The e-commerce industry, or online sales, remains optimistic in 2019. According to a study by Statista , online sales in 2017 yielded an amount of 2.3 trillion dollars for traders and that number is expected to increase over the years, doubling by 2021.
Often seen as the main rival of the physical stores, online sales are gaining popularity and attracting new buyers for its practicality. This sale trend does not mean the end of traditional commerce, but a need for change. Many marketers are betting on technologies to continue making their stores attractive and to offer an even more advantageous experience than the convenience of buying in the comfort of home.
To take the place of the receptionist and draw the attention of the customers right at the door of the establishment a device called Holographic Greeter was created. It is a small metal platform (similar to the structure of a digital scale) that produces a perfect hologram of the store receptionist, in a person’s actual size. The hologram plays any speech programmed by the shopkeeper, as if it were a real receptionist, according to the needs of the trade. The machine produces a high definition image visible at an angle of 360°; in addition, the “person” that welcomes customers is totally customizable, so that the store owner can choose the most suitable clothes for this avatar to welcome the potential customers.
Have you ever thought about how much time we spend shopping at a supermarket? Walking through several corridors, staying in lines, packaging products, are tasks that consume time. As most consumers prefer to go to the supermarket to pick the products up, the retail industry has been investing in improvements to facilitate the shopping experience rather than engaging the services of home deliveries.
Amazon has created a new store concept that allows customers to choose the products they want without having to stay in cashier queues or even to open their wallets. Amazon Go is connected to a specific app downloaded to the mobile. When the customers enter the store, they just have to scan a QR code to be able to start shopping without worrying about queues or payment methods. A complex system of cameras with facial recognition, artificial intelligence, and proximity sensors guarantees the payment of the goods effectively chosen, even if the consumers change their mind and put a product aside at the counter. When the clients finish shopping, they just leave the establishment carrying their products without worrying about anything else. The amount spent on their purchases will be billed directly to Amazon’s account, who will send a receipt to the clients’ phone within a few minutes.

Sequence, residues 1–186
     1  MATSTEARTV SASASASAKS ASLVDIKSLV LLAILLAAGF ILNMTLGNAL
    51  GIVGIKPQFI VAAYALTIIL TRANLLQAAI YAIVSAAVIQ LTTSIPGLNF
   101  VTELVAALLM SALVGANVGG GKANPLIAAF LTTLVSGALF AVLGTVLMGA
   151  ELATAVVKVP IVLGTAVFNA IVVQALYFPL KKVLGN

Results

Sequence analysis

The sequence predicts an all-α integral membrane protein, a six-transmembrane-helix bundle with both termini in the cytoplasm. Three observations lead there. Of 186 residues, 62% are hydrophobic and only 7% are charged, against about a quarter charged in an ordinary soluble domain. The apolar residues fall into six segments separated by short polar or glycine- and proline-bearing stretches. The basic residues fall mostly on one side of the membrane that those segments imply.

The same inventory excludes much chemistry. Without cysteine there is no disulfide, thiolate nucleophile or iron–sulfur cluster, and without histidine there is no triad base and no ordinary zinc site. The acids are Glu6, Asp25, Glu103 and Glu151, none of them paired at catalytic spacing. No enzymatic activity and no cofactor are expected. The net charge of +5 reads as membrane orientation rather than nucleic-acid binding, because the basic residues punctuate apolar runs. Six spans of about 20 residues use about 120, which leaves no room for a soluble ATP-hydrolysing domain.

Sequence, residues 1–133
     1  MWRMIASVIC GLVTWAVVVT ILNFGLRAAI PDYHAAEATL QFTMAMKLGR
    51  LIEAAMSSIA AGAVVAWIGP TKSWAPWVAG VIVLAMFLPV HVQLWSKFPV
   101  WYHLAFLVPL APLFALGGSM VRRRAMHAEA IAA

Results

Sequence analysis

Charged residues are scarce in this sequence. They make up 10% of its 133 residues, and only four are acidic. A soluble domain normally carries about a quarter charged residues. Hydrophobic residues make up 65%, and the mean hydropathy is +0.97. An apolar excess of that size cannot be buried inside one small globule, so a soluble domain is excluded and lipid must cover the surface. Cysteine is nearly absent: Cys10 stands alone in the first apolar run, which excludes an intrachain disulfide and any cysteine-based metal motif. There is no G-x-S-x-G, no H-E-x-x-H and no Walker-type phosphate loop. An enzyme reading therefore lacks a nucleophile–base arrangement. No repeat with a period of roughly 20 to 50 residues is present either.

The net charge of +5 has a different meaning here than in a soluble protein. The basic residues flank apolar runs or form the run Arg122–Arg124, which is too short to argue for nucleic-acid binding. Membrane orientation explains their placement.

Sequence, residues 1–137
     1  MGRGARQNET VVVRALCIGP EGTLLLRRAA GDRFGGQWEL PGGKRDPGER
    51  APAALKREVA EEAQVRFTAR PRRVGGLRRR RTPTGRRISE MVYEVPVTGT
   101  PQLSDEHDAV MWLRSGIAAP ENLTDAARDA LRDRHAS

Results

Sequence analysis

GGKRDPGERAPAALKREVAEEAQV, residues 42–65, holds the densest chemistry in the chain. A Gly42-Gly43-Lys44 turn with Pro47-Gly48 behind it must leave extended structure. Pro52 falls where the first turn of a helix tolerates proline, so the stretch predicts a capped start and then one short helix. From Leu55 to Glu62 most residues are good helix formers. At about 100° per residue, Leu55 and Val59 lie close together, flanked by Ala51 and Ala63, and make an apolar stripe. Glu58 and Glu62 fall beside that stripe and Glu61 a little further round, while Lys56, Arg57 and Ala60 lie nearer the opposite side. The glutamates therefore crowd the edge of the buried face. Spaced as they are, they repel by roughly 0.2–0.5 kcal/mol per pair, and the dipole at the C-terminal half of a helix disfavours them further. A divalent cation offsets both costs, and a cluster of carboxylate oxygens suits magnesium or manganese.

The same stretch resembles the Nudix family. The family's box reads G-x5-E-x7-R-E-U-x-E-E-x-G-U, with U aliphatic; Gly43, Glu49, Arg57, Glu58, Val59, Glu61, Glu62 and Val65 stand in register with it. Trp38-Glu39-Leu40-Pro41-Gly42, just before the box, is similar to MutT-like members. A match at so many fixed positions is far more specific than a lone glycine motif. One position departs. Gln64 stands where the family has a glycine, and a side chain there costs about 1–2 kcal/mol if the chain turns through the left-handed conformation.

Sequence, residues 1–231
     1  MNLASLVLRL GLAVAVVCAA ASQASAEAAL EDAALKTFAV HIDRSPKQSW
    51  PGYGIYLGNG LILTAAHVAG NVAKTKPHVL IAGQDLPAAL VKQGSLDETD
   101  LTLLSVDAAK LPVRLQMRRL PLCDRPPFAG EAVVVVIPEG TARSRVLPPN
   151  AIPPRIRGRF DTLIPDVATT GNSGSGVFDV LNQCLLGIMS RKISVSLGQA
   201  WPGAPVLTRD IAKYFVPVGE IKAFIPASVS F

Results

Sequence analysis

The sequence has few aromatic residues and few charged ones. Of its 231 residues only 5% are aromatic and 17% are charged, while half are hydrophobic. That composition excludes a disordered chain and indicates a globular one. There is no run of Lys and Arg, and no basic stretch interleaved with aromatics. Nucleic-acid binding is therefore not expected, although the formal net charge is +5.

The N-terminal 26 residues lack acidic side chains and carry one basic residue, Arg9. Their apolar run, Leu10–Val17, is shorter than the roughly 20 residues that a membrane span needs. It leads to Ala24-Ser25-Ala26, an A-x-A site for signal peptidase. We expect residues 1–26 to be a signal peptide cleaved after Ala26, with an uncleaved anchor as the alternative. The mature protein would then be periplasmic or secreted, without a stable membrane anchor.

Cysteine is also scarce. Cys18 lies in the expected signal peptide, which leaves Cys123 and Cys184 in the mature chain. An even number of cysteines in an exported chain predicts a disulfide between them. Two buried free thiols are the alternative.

Most supermarkets in Japan use grocery baskets, which are little used in Brazil. As the Japanese do not have the habit of shopping for the whole month, the volume purchased in each visit to the market is much smaller. As a result, baskets in the supermarkets have a coupled barcode reader – a quick way of calculating prices as the consumer transfers the package from the shelf to the basket. Upon arrival at the cashier, the consumer just has to put the basket in the appropriate place and the computer will calculate the amount spent automatically without help from an employee. The cashier is also high-tech and immediately bundles all purchases, making the trip to the supermarket much faster and practical.
Clothing stores have also been able to improve sales, making it an even more enjoyable buying experience with the use of new devices. One of them is the interactive mirror Mirrus , a creation of a New York company that aims to increase the number of sales from fashion suggestions. The smart mirror provides tips of accessories that match the chosen clothing. All registered accessories are sold in the same store, and the mirror informs the customer the exact location of each item. When not in use, the mirrors have a multimedia function capable of projecting photos or videos. Currently, there are already more than 3,000 Mirrus units installed in US clothing stores.
Another way to increase the number of visits is to eliminate certain inconveniences, like going to the dressing room. Today, dozens of US stores have virtual dummies , which work through screens scattered around the stores, been activated the moment a customer pulls a product from the hanger. Instantly, images show how the chosen clothing fits the client’s body. To suit each person’s body type, the screens have cameras that take pictures of the clients to later perform the “magic” exchange without the client having to change.
Store owners have already realized that the retail sector needs to reinvent itself in order to continue attracting new customers and proposing differentiated physical experiences. Technology is the key to that change.